What originally drew you to your field of research?

It was completely by chance!  I’ve always loved physics and chemistry and I had the opportunity to write a thesis in this field. I knew absolutely nothing about engines, cars or gas combustion. I went there as I often do, with my big smile, and it was a success! Maybe also because I've always been motivated by learning new things.

We’re talking about driving forces, so what really motivates you professionally?

It’s not the technical side, it’s management, and my second driving force is learning. So if I’m managing people and learning new things at the same time, that’s fine by me! That’s the curious thing about being a researcher: you’re a scientist for life! 

What have you gained from your time in research?

The chance to change jobs every two years or so, so there’s a real variety of opportunities! I loved my ten years at Crigen. I met a lot of people and learnt a lot of things, and it also helped me to know what I liked doing and what I didn't like doing. I wouldn’t be here today if it hadn’t been for Crigen. I owe what I do today to the career I had before, so it’s a sign that research leads to everything. It fosters logical thinking, curiosity, open-mindedness and a desire to learn, which means that, whatever subject you turn your hand to next, you’ll do well.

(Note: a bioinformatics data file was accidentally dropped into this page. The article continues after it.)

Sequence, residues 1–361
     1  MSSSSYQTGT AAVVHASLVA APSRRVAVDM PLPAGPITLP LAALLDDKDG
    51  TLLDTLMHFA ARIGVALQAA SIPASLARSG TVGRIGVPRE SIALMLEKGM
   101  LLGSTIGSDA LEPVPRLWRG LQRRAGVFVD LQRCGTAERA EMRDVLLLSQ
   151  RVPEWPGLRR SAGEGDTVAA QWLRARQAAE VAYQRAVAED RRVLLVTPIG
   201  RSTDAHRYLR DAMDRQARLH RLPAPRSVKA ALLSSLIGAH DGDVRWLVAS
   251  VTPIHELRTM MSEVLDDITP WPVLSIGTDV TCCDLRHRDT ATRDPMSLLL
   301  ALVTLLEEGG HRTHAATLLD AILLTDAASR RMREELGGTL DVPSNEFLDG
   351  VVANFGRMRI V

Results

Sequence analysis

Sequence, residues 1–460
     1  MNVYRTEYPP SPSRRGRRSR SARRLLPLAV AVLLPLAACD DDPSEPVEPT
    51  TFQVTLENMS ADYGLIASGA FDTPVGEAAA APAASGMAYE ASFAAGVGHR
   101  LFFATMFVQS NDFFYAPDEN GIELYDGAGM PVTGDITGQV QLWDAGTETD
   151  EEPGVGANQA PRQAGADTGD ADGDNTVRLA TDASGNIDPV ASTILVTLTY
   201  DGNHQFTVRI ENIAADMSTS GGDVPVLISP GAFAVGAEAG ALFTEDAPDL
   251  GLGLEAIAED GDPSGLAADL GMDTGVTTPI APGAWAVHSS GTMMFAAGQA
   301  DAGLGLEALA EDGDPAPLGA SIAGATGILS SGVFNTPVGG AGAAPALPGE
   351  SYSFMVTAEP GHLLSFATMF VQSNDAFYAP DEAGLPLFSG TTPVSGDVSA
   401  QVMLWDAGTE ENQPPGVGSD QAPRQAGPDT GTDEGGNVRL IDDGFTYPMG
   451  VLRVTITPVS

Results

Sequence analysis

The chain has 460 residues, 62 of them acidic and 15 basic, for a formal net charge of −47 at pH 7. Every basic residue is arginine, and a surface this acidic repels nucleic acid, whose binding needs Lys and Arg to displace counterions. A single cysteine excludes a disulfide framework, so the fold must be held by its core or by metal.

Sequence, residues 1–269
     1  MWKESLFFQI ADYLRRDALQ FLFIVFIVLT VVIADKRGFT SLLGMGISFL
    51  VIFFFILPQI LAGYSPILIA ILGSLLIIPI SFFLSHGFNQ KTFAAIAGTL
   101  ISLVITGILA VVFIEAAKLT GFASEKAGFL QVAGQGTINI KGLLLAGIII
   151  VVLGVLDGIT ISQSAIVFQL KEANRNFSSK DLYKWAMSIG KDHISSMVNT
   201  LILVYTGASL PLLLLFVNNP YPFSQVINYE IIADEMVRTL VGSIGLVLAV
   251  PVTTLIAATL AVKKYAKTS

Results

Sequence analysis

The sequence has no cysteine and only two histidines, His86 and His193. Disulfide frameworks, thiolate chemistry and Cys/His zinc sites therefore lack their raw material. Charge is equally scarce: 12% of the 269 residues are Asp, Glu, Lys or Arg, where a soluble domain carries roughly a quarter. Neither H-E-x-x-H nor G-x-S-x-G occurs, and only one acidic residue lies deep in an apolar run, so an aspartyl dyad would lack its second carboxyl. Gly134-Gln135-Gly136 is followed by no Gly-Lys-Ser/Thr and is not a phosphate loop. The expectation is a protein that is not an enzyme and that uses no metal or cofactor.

Do you have a mantra, a little phrase that guides you on a daily basis?

I have a lot of them.  But what drives me more are levers such as learning and, at the same time, growing and helping others grow. Once I’ve got these three dynamics in place, I'm happy.

Is there a gift you’d like to have?

The gift of ubiquity, especially for a mum like me, who has to be everywhere at once. Or to have a clone, I don’t know, I’m still hesitating!

Do you have any ideas, solutions or advice to offer to encourage more women to get involved in research?

The problem with women is that they limit themselves, they put up their own barriers. Of course, if you have the intellectual capacity, nobody can stop you from studying – nobody put any obstacles in my way to stop me from getting a PhD, even though I wrote my thesis in a particular, exclusively male environment – but our main problem is that we doubt ourselves a lot. Most men don’t ask themselves questions, they just go for it. For example, a woman who believes she has only three out of four prerequisites for a job will not apply, whereas a man will apply even if he only has one! Even if what I say is a caricature, there is a grain of truth: we tend to limit ourselves by excessively doubting our own legitimacy. I've worked a lot on myself in this area (and I still am...). 

But I believe that having a wide range of opinions and visions is essential, and that women bring something valuable to the table. I know that there are training courses for women today such as “leadership for women”, but they should be taught right from secondary school level. Women and men are complementary with differently structured minds. And girls need to learn this from a very young age.